The functions of Medicare Parts A, B and D are well known. In the late 1990s, a neglected letter of the alphabet was added to the federal government’s Medicare program. Now a recipient who is eligible for Medicare Parts A and B may chose for Part C.
Medicare Part C is an alternative for people eligible to enroll in Medicare Part A and B. Unlike the initial plans, which are private fee for services offerings, Part C allows a person to contract with a third party usually an insurance company to provide more custom benefits. Part C also allows a recipient to enroll in a medical savings plan or participate in HMOs.
While the HMOs and savings plans work well for most people’s health insurance needs, they do not always work best for a patient who has limited resources with which to work. HMOs may also deny claims that do not fall under coverage. If the Premiums for Medicare Part A and Part B are less expensive than the premiums charged by the privately managed plans, it makes financial sense to switch them. The levels of coverage are roughly the same.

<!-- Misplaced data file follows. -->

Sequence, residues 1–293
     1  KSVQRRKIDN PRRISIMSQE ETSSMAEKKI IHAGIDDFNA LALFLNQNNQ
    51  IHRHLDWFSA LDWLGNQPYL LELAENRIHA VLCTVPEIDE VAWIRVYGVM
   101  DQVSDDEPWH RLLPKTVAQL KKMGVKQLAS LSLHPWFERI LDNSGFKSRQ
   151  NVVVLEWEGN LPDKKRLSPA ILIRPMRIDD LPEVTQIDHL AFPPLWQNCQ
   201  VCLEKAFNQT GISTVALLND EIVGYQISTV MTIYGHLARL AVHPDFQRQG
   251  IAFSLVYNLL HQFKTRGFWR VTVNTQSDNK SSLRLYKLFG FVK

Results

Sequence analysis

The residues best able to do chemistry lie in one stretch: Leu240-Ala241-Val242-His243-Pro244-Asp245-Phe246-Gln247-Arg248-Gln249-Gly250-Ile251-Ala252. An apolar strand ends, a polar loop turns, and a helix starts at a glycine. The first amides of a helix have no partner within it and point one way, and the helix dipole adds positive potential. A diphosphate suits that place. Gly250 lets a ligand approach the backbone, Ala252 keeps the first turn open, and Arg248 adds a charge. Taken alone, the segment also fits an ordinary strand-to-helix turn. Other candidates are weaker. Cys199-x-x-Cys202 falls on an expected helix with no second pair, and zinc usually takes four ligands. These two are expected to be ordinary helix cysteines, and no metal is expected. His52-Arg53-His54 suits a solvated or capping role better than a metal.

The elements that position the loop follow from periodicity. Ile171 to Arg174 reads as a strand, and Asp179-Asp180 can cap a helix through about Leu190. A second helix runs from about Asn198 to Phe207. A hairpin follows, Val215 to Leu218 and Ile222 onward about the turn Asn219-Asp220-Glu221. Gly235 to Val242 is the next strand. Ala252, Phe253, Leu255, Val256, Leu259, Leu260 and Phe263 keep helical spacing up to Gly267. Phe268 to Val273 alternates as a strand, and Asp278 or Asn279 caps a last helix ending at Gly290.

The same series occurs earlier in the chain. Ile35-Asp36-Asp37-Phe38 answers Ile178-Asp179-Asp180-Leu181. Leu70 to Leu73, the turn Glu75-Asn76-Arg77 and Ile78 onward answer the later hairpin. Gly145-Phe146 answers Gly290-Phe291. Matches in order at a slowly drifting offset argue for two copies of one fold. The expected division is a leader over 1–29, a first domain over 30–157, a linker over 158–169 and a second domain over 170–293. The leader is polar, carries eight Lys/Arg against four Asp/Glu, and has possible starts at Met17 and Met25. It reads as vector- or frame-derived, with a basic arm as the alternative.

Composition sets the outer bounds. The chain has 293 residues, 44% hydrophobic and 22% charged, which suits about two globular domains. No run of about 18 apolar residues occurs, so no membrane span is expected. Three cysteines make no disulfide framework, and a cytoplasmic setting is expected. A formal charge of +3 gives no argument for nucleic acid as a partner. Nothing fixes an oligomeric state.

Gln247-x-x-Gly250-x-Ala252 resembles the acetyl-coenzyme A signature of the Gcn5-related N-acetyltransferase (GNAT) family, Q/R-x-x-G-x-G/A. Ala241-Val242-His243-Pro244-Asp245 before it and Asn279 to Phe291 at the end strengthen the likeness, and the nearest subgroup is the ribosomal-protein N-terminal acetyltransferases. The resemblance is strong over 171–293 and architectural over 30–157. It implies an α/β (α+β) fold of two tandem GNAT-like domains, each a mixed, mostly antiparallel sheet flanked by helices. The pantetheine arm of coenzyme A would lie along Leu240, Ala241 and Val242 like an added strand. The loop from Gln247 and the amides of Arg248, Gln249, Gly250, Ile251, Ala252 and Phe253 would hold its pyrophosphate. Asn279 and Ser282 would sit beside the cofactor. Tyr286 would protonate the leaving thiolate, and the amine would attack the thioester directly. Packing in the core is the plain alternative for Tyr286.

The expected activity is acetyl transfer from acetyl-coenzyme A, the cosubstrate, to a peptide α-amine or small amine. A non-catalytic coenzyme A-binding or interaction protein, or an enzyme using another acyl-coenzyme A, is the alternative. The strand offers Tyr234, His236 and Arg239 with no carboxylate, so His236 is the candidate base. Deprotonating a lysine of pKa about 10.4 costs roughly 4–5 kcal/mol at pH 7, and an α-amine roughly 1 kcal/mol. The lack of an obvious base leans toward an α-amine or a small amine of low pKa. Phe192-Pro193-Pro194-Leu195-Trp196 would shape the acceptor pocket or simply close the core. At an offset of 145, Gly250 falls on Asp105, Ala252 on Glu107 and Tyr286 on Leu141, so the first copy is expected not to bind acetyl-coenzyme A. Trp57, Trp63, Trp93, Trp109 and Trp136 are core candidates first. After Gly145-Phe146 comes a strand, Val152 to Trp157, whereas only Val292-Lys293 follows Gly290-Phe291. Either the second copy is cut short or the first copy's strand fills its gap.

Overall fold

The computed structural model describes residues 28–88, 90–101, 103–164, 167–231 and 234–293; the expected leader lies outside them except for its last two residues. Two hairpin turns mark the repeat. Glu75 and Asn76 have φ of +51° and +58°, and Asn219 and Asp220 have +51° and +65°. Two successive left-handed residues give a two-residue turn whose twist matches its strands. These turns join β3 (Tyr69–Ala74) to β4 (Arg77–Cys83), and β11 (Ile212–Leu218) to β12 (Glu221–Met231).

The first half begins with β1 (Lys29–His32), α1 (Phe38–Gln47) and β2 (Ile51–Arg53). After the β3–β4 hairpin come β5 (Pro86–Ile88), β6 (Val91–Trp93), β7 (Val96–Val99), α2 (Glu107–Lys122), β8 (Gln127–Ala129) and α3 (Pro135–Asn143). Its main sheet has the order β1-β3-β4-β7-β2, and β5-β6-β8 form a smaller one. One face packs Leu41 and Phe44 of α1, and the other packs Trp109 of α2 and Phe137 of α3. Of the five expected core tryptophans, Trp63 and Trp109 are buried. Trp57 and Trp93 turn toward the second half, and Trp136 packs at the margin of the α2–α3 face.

Unless a person needs to use drugs that are delivered by durable medical equipment in his home that are covered under Medicare Part B, Part C does not cover prescription drugs. A patient can have Medicare Part C and Part D without any conflict.
A retiree can also have a Medigap Supplemental Insurance plan to carry the items that Medicare does not cover. However, if the rules for the private policy confuse the user more than the rules for the government-administered programs, a patient may still decide to drop this type of coverage.